Watching Jamie together makes us both laugh with delight at his excitement about fat white leeks. For long moments, there is silence, as we both sit staring at his hands chopping in the kitchen, both our mouths open. And then our minds start racing.
Sometimes, the Chef sends himself a text message with an idea, a squiggle of an idea that will develop through the day into meals for the people who come in that evening.
And so, on Saturday mornings now, we have given up our morning routine. We still read the paper and drink our coffee. We still kiss and giggle. But at 9:30 in the morning, I look over at the clock and jump up for the remote. Time for Jamie! I shout. And we settle into bed, cuddling with each other, the remote control clutched in the Chefs hands. (You know that cliché that men need to control the remote? Its really true.) Television in the morning, a show about food. The Chef may start dancing earlier in the day than he does on every other day. We leave earlier on Saturdays than any day of the week.
But with Jamie in our ears, and visions of fat white leeks simmering with prosciutto in our minds? The interruption of our morning routine is more than worth it.
Thank you, Jamie Oliver. You always make us happy.
PASTA WITH SLOW-SIMMERED LEEKS AND PROSCIUTTO, adapted from Jamie Oliver
If you saw the Jamie at Home episode shown last week, you may have run out to buy the ingredients and made this pasta with slow-simmered leeks for dinner that night. I certainly did. Easy-peasy to make and filled with flavor, this pasta dish made us both sigh with happiness, in bed, at midnight.
If you didnt see the episode, you want to make this for dinner tonight.
One of the tricks we have learned with gluten-free pasta? Undercook it. Italians cook their pasta al dente a solid surface with a slight bite. It seems that most Americans cook their pasta to death, to the point of flubbiness. Lets change our ways. With gluten-free pasta, its especially important to undercook, just a bit. And until we have created handmade gluten-free pasta we love, were using Tinkyada penne for this dish. It works.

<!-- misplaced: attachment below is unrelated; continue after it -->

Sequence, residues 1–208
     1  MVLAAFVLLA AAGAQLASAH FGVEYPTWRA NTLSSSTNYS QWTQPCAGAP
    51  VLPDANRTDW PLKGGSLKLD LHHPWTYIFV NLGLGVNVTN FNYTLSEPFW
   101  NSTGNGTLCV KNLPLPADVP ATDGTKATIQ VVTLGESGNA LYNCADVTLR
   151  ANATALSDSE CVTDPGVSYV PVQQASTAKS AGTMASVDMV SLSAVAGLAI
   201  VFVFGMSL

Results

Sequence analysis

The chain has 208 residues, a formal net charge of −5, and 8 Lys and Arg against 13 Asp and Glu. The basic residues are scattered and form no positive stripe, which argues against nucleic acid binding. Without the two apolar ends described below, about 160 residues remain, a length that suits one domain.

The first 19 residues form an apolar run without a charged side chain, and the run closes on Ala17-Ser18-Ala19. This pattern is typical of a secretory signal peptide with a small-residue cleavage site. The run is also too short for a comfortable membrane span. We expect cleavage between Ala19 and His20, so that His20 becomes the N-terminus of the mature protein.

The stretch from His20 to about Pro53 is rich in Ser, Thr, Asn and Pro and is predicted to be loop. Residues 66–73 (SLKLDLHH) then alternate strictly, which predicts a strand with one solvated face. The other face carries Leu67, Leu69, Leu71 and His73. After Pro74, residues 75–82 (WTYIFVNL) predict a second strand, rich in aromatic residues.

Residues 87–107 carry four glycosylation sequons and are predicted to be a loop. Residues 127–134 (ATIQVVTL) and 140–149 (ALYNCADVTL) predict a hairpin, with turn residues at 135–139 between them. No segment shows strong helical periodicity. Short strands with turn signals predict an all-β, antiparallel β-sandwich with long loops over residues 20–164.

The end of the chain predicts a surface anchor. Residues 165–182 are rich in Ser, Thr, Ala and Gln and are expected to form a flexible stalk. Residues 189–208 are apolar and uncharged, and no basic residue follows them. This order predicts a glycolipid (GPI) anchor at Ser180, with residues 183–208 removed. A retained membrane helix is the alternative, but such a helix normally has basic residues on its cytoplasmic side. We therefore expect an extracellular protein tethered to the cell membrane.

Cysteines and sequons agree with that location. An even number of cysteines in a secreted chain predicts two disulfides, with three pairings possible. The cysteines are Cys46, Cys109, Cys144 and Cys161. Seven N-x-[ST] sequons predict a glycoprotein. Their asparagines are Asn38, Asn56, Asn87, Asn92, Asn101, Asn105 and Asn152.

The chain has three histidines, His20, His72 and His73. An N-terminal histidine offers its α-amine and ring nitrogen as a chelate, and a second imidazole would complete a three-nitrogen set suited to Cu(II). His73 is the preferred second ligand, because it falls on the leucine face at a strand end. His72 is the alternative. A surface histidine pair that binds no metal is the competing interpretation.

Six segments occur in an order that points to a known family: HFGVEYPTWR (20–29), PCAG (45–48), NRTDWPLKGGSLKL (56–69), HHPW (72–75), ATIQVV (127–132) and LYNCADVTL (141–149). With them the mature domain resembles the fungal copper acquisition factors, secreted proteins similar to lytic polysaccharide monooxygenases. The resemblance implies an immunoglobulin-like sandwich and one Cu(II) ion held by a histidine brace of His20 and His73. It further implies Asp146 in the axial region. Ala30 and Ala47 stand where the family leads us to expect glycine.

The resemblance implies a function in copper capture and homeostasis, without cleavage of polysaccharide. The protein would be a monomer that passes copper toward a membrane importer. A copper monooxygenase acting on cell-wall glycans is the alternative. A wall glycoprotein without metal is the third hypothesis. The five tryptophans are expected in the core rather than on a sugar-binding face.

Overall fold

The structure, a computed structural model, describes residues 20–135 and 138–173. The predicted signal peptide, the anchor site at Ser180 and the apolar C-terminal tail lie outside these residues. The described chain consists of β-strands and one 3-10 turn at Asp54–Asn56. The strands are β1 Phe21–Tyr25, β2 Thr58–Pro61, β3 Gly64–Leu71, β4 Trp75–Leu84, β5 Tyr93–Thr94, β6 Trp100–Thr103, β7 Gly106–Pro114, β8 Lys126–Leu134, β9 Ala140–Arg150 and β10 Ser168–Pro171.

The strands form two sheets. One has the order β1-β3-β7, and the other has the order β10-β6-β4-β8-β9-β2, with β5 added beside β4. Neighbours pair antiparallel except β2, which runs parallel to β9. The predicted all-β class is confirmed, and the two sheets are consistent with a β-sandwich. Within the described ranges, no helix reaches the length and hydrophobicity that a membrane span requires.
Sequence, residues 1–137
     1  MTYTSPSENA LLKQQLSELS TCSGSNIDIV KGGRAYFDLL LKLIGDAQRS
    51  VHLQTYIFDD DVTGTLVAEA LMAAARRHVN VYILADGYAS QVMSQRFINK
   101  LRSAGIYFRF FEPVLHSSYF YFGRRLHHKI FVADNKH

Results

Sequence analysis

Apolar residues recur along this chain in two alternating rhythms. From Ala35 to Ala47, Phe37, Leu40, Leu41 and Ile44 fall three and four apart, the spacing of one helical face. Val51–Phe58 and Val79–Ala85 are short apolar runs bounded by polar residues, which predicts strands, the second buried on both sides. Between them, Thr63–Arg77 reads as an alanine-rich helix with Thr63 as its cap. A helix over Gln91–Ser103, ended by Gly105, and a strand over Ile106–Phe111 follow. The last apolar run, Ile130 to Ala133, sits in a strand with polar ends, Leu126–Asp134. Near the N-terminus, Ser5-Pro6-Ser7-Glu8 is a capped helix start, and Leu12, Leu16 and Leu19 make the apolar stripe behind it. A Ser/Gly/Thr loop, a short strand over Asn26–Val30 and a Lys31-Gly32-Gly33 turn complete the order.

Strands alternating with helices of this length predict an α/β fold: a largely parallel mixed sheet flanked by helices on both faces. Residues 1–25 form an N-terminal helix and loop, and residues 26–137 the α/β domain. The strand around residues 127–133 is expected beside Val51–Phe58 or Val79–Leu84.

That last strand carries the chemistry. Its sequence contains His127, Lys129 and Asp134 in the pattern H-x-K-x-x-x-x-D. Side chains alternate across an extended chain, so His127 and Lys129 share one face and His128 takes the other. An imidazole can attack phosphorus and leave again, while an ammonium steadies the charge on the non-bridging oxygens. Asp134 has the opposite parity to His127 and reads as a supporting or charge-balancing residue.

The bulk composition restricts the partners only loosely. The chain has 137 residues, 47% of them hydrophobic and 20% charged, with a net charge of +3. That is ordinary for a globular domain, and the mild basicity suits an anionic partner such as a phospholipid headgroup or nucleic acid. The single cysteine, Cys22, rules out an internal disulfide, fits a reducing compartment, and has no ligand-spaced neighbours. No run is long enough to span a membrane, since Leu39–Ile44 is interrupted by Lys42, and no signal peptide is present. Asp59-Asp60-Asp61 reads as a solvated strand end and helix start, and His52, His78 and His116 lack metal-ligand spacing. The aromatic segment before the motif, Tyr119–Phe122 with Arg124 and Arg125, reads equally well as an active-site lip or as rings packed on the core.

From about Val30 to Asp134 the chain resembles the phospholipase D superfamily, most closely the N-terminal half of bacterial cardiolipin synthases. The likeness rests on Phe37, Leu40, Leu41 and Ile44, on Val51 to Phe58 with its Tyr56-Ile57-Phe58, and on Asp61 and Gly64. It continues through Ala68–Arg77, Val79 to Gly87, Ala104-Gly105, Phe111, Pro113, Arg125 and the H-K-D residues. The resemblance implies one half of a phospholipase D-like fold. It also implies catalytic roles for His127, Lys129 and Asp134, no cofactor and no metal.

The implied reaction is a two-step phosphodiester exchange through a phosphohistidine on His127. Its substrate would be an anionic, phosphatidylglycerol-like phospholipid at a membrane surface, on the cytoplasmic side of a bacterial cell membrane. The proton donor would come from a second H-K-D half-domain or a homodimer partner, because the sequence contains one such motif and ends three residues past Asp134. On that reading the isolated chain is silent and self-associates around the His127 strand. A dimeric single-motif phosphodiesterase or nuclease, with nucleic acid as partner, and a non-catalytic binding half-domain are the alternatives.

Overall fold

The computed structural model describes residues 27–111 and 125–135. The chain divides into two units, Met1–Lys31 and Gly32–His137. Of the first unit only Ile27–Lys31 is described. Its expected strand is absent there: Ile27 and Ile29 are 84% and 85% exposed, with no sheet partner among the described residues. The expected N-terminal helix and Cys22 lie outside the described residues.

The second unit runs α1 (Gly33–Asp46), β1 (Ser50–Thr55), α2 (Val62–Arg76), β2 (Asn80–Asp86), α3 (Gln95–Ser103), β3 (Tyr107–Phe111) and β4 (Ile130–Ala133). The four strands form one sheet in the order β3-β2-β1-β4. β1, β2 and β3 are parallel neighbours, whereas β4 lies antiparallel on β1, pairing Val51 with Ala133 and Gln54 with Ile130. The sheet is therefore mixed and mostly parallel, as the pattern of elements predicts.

When I asked the Chef to make this again, at the restaurant in the afternoon, so I could take photographs, he added a few of his own touches. Sautéed hedgehog and yellowfeet chanterelles mushrooms. Fresh mozzarella. Drizzles of aged balsamic vinegar. Oh lord, I wanted to take those photographs fast.
We shared the bowl of pasta afterward. His face told it all wide open and rubbery with excitement. It just melts, all of it together. My mouth is just filled with melty goodness. And then he made this the pasta special for the night at the restaurant.
So, you know, it works.
4 tablespoons olive oil
2 cloves garlic, fine diced
3 sprigs fresh thyme, chopped
3 fat white leeks, root and green parts removed, washed and sliced thin (if the leeks are slender, use 5)
7 slices of the best prosciutto you can find
½ pound wild mushrooms (whatever is within reach for you)
½ teaspoon each kosher salt and cracked black pepper
2 cups cooked pasta
1 large ball fresh mozzarella
1 tablespoon balsamic vinegar (as aged as you can afford)
Simmering the leeks. Bring 2 tablespoons of the olive oil to medium-high heat in a large skillet. Add the garlic cloves to the oil and sauté until you can smell the garlic perfume. (Be sure not to burn the garlic.) Add the thyme and cook until the herb releases its smell. Toss in the sliced leeks and stir for a few moments, until all of the slices are coated with the garlicky, herby fat. Turn down the heat to simmer. Cover the leeks entirely with all the slices of prosciutto, making sure that no steam is evaporating by the end of the process. Cover the skillet with a lid and allow the leeks to simmer for 30 minutes.
Sautéing the mushrooms. In a different pan, bring the remaining 2 tablespoons of olive oil to heat. Add the mushrooms to the pan. Stir and cook them until they have shrunk and released their juices. Set the mushrooms aside.
Preparing the pasta. Take the pan with the leeks off the heat. Remove the prosciutto from the top of the leeks. Set those pieces aside and slice them into slivers. Put the cooked pasta into a bowl. Add the sautéed mushrooms and the caramelized leeks. Season with salt and pepper (remember that the prosciutto is salty, so you might want to go light on this one).
Divide the pasta into two plates. Top with slices of fresh mozzarella. Drizzle with the balsamic vinegar. Settle slivers of prosciutto on top of the pasta. Serve immediately.